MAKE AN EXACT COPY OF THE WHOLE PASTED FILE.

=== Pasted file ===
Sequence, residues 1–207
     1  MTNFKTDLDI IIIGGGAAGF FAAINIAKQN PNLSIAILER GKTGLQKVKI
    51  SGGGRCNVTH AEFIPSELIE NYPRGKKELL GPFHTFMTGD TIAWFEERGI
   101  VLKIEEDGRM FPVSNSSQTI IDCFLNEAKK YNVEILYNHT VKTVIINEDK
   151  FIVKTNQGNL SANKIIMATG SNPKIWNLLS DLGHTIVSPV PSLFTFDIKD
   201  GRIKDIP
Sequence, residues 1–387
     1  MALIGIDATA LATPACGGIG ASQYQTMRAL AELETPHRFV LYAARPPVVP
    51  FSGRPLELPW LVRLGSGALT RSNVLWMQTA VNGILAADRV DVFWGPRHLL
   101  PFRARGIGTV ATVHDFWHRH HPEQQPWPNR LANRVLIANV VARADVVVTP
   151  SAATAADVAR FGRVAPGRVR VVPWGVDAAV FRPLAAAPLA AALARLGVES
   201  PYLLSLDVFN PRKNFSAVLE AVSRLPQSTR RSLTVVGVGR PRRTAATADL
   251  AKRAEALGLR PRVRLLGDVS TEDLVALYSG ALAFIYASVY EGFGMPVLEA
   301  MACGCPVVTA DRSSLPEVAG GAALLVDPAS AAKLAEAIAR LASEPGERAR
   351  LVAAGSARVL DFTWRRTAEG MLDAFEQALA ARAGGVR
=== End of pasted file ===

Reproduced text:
Sequence, residues 1–207
     1  MTNFKTDLDI IIIGGGAAGF FAAINIAKQN PNLSIAILER GKTGLQKVKI
    51  SGGGRCNVTH AEFIPSELIE NYPRGKKELL GPFHTFMTGD TIAWFEERGI
   101  VLKIEEDGRM FPVSNSSQTI IDCFLNEAKK YNVEILYNHT VKTVIINEDK
   151  FIVKTNQGNL SANKIIMATG SNPKIWNLLS DLGHTIVSPV PSLFTFDIKD
   201  GRIKDIP
Sequence, residues 1–387
     1  MALIGIDATA LATPACGGIG ASQYQTMRAL AELETPHRFV LYAARPPVVP
    51  FSGRPLELPW LVRLGSGALT RSNVLWMQTA VNGILAADRV DVFWGPRHLL
   101  PFRARGIGTV ATVHDFWHRH HPEQQPWPNR LANRVLIANV VARADVVVTP
   151  SAATAADVAR FGRVAPGRVR VVPWGVDAAV FRPLAAAPLA AALARLGVES
   201  PYLLSLDVFN PRKNFSAVLE AVSRLPQSTR RSLTVVGVGR PRRTAATADL
   251  AKRAEALGLR PRVRLLGDVS TEDLVALYSG ALAFIYASVY EGFGMPVLEA
   301  MACGCPVVTA DRSSLPEVAG GAALLVDPAS AAKLAEAIAR LASEPGERAR
   351  LVAAGSARVL DFTWRRTAEG MLDAFEQALA ARAGGVR